Canon has four Speedlites in their current lineup, the 580EX II, the 430EX II, the 320EX and the 270EX II, each of which varies in features, power and relative price. By comparing each model, you can determine which one is right for you and your photography needs.
Canon 580EX II
The 580EX II is Canon’s top of the line Speedlite and it’s a workhorse flash. In size, weight, price and functionality, it’s comparable to the Nikon SB-900, which means that it’s not cheap, exceedingly light, or compact. However, it’s a professional unit that will get the job done.
Sporting a new metal hot shoe foot and a weather resistant housing, it features a zoom range of 24-105mm, and a head that rotates in nearly every direction. It has a very fast recycle time and will sync at 1/250 for high speed shutter operation.
The 580EX II is Canon’s only flash that will function as a Master flash controller, and it can control up to three groups of remote flashes, plus itself, if you wish to include it’s own light into the mix. As long as you have line of sight visibility between the Master and all of the wireless remotes, you have virtually unlimited creative options for using multiple flashes to light your scene.
It can also be used as a wireless slave which is controlled by another 580EX II or the Canon ST-E2 Wireless Transmitter.
Overall, the 580EX II is a powerful and versatile flash that packs a lot of power and features, as well as a host of custom functions. Basically, if you want the most control and creativity from your Canon Speedlite system, or if you’re looking for a Master flash, then the 580EX II is the unit you’ll want.
Online price: Around $470 for a new 580EX II
Canon 430EX II
A versatile flash that’s smaller, lighter and less expensive than the 580 EX II, the 430EX II is a great option if you’re looking for a single mid-range flash or an additional light to be used as a remote unit.
It’s also a good choice if you want to save on weight. Compared to the 580EX II, which weighs 405g, the 430EX II comes in at 320g. Not a huge difference, but it’s size difference means that it’s easier to pack in your camera bag.
Like the 580EX II, it has a zoom range from 24-105mm, and the flash head will tilt up, left and right. It won’t go all the way around on both sides, but that’s usually not an issue.
A big difference between the two units is that the 430EX II cannot function as a Master flash, but it will operate as a wireless remote. This alone could be the difference in why you’d choose the 580EX II over the 430EX II.
That said, with the size and weight of the 580EX II, maybe the better route to go is to get a ST-E2 Wireless Transmitter and one or two 430s if you’re goal is to go light and fast. After all, they’re smaller and lighter than the 580s and they’re certainly less expensive. Expect to pay around $300 for a new 430EX II online.
Remember, you can also control the flash from on-camera if you have a compatible DSLR with a pop-up flash, like the EOS 40D, 50D and 7D. Or you can use a sync cord. Battery life is a little better on these models as well; it will fire up to twice the number of flashes as the 580 on a full charge.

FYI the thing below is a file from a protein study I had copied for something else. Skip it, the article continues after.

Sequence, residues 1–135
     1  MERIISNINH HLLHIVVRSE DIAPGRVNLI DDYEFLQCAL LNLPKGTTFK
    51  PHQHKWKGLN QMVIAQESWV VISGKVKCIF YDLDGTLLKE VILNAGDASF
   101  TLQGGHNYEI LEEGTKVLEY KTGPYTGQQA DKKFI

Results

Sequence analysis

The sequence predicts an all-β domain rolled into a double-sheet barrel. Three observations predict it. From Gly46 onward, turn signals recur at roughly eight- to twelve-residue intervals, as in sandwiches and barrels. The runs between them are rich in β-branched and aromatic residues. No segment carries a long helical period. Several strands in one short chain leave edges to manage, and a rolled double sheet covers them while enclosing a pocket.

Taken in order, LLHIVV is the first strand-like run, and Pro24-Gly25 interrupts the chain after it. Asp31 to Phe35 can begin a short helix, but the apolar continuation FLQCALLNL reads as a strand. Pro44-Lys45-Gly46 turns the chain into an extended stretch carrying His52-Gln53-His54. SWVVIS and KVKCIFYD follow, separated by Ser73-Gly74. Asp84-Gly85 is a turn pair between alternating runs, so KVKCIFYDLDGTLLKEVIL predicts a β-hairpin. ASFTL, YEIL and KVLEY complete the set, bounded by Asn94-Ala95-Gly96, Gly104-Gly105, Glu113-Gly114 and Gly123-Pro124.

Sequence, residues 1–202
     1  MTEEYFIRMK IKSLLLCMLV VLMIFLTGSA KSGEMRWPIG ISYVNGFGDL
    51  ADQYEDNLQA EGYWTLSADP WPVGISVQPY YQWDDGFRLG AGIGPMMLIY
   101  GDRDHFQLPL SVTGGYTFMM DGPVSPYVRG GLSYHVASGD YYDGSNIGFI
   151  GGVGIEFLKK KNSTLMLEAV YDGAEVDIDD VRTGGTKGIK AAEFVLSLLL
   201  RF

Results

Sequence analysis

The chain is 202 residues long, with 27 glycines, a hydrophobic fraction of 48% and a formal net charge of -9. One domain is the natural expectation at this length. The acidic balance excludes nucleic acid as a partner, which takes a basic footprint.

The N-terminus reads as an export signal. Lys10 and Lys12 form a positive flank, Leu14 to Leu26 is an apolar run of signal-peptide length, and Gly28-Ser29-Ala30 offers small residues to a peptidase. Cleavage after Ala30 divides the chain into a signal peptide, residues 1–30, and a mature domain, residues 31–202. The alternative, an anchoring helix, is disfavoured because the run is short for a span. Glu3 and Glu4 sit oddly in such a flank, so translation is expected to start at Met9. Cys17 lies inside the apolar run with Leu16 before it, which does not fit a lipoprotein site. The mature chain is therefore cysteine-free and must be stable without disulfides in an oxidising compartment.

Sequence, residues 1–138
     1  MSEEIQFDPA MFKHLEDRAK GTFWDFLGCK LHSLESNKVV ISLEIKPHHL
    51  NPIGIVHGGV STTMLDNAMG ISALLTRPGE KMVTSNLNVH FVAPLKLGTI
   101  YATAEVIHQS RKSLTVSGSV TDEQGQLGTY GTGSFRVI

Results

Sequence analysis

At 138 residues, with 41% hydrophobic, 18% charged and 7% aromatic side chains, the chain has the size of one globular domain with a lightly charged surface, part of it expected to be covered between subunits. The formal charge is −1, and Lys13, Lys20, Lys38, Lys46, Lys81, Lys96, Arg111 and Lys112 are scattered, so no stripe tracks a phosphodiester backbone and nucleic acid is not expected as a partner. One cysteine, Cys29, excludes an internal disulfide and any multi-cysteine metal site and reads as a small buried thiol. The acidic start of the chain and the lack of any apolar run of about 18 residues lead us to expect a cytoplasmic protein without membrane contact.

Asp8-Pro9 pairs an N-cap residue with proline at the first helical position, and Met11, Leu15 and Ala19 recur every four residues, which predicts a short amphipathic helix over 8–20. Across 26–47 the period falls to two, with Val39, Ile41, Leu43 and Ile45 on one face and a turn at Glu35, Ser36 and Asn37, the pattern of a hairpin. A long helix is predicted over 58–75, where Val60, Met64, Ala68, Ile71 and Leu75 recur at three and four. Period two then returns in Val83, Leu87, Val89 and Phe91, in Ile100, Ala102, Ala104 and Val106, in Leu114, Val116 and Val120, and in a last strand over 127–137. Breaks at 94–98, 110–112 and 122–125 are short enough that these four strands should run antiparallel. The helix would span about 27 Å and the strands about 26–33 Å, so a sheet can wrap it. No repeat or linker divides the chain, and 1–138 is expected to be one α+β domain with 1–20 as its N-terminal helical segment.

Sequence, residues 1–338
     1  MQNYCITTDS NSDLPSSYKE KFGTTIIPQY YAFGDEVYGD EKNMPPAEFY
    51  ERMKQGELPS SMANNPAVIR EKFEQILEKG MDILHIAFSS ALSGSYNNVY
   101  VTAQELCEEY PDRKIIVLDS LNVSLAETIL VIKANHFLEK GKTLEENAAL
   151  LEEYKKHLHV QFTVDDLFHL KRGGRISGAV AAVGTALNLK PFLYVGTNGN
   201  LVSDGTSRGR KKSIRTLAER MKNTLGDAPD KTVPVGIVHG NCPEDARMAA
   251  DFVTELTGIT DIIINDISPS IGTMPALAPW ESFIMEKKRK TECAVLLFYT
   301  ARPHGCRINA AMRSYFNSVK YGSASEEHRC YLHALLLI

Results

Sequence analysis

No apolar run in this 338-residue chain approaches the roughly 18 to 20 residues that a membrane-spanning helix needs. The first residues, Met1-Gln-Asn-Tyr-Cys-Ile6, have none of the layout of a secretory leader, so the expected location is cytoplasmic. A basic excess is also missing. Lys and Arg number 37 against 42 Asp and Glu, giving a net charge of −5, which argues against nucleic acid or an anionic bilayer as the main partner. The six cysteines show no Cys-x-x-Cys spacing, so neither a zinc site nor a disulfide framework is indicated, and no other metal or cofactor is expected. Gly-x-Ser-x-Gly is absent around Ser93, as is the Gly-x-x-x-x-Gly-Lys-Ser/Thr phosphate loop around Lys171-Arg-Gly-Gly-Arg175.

Overall, the Canon 430EX II is a versatile and economical Speedlite that will give you a lot of creative options in your strobist photography.
Newest in the lineup is the Canon 320EX. It’s is a versatile little flash has a guide number of 78.7’/24m @100 ISO (24mm), full E-TTL, wireless capabilities and an LED modeling light on the front of the unit. It has two zoom settings, 24mm and 50mm.
It’s also designed for Live View and video shooting, and it will illuminate nearby subjects in low light for up to 4 hours of continuous lighting with fully-charged AA batteries.
I don’t see that as being a very big selling point for outdoor photographers, however, it’s wireless functions do it an attractive unit. The 320EX will not function as a master, but if you have a compatible Canon body that will operate as a commander, you can use this flash as one of your wireless slaves.
Price is certainly attractive, they’re only about $239.00 new. For it’s price and size, (smaller than the 430EX II) this might be a really desirable option, especially if you’re picking up a second or third Speedlite.
Canon 270EX II
If you’re on a budget or if you need to go extra light on gear, the 270EX II might be the best Speedlite option for you.
Keep in mind, though, the 270EX lacks many of the controls, custom functions as the other two Canon Speedlites, and it has no wireless capabilities. It cannot be used as either a Master or a wireless remote.
It’s a light. No more, no less. Actually, it’s actually less, since it only weighs 145g and costs less than that in dollars.
That said, you can still get some great off-camera and strobist-style lighting with the 270EX. Stick it on the end of a sync cord and you’ve got an off camera flash. Throw on a small softbox like the Lumiuqest Softbox III, or place it behind a large diffusion panel and you can throw some really nice light.
Check out Syl Arena’s great book on Canon flashes, Speedliter’s Handbook: Learning How to Craft Light With Canon Speedlites.
This very comprehensive book will teach you everything you need to know in order to learn about Canon flash systems and expand your creativity and lighting techniques.
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